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Project 365 - Tycho was actually young

Tycho crater is one of the relatively young ones on the moon

Tammy Plotner and Jeff Barber, Universe Today

Bottom image: Tycho Crater as photographed by the Surveyor 7 spacecraft. Photo: NASA

36 years ago today, in 1970, Lambda 4S-5, the first Japanese satellite, was launched.

Tonight the moon will continue to dominate the evening sky and there will be a special opportunity for those with binoculars and telescopes to discover Tycho Crater. The crater, named after the astronomer Tycho Brahe, is an impressive impact crater that can be viewed even with the help of light visual aids. The width of the crater is 85 kilometers, and it can be identified without mistakes in the southern hemisphere of the moon.

Its considerable horn systems support its origin as an impact crater. The rays cut across the surface of the moon at a distance of hundreds of kilometers. Tycho is also one of the youngest of the large craters on the Moon. Compared to the other craters that are estimated to be billions of years old, Tycho's is only 50 million years old.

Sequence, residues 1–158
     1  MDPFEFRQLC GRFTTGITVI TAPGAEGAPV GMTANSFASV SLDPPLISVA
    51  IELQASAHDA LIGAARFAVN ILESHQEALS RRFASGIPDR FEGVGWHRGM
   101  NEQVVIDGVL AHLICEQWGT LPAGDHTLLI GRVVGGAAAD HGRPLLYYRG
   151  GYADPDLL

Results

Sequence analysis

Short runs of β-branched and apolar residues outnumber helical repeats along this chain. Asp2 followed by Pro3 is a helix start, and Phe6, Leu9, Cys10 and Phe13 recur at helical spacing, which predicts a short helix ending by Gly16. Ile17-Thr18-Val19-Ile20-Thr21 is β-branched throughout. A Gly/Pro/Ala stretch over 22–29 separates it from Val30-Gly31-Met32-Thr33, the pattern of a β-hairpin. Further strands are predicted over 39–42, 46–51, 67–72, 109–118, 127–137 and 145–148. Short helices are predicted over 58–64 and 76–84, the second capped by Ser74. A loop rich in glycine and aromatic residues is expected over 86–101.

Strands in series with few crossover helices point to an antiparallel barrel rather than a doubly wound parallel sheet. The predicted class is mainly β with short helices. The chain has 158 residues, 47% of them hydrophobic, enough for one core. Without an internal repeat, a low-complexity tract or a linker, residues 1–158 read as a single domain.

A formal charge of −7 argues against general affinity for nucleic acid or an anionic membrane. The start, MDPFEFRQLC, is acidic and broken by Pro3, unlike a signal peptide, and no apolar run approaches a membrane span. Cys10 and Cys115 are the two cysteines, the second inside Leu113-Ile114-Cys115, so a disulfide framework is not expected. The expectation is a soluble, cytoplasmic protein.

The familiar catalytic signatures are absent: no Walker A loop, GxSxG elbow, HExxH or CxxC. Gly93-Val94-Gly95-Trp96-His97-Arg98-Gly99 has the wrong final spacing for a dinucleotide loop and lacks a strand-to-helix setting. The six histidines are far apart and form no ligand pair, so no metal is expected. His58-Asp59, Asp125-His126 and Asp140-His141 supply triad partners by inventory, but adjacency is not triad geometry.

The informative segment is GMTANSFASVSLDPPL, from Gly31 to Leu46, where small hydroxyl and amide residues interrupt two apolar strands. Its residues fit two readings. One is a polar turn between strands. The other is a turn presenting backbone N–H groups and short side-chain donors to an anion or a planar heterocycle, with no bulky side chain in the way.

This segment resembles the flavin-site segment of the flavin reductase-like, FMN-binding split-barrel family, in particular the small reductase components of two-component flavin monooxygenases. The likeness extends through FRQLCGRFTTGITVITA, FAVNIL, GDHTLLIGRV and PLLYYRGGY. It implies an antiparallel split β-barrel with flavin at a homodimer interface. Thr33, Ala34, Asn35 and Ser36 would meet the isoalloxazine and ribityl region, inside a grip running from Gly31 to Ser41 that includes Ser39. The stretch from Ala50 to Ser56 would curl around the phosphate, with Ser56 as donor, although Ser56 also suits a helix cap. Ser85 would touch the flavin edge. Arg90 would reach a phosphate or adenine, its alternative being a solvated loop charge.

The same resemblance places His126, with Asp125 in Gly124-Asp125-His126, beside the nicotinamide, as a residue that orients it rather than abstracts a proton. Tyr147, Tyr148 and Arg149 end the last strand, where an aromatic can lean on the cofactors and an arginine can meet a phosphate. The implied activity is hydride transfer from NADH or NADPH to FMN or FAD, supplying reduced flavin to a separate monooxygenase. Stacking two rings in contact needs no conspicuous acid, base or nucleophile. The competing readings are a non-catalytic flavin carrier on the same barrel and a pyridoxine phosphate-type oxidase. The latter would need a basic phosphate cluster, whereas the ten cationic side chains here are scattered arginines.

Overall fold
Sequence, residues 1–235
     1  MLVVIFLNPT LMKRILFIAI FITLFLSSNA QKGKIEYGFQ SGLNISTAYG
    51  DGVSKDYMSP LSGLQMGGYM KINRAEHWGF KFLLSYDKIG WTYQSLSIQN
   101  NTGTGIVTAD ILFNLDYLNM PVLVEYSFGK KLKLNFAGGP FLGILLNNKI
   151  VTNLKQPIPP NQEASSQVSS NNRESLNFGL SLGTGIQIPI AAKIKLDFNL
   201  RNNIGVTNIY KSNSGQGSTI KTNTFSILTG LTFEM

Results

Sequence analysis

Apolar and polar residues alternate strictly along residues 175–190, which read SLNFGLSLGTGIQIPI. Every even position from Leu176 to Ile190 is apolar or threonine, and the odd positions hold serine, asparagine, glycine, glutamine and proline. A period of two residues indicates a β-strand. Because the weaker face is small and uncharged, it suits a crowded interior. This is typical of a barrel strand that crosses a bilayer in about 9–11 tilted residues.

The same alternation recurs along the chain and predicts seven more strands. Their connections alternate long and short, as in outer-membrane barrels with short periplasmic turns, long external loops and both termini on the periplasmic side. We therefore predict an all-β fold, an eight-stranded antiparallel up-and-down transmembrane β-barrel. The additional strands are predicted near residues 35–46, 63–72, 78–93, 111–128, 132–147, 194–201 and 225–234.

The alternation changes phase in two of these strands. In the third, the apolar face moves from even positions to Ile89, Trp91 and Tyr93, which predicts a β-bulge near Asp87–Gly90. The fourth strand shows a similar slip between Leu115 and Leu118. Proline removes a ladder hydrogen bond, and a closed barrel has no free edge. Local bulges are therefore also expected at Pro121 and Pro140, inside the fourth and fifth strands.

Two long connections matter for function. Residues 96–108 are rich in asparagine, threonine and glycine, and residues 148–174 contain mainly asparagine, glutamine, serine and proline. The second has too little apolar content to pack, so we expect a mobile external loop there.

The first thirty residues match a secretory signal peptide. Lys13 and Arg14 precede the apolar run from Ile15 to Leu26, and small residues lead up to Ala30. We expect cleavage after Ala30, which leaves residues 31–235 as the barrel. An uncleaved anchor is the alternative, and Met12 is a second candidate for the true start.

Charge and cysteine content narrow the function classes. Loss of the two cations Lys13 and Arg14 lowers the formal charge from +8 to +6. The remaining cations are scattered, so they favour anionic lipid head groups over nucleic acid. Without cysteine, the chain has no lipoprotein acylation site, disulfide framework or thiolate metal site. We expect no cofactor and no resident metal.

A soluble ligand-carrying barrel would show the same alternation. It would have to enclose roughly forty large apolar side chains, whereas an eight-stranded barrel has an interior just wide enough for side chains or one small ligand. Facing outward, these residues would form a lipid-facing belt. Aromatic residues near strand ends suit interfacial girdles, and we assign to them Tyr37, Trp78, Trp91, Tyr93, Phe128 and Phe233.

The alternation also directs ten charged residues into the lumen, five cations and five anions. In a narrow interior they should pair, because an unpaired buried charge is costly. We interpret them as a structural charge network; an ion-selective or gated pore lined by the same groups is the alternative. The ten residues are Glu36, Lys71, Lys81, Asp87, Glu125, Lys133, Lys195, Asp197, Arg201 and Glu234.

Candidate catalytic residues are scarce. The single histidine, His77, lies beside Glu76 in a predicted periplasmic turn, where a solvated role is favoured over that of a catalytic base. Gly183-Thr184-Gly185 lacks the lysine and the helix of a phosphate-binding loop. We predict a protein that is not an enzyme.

On January 9, 1968, the unmanned spacecraft Surveyor 7 landed on the floor of Tycho Crater. While the previous Surveyor missions were only intended to provide the Apollo program with the data essential for a human mission, the Surveyor 7 mission was a purely scientific mission. Two weeks later, as the sun set over the sale site, Surveyor 7 demonstrated through 21 images, the physical and chemical properties of the high mountain regions in the Southern Hemisphere, and the robotic spacecraft detected laser pulses sent to it from Earth on two occasions.
Since the moon rules the night sky, we'll show you what effect it has on astronomical viewing. In the spirit of discovery, order in the Great Orion Nebula. Isn't that something impressive you will remember? However, while you are viewing M42, increase the power of the telescope and observe the four stars in the center. We will return to them.


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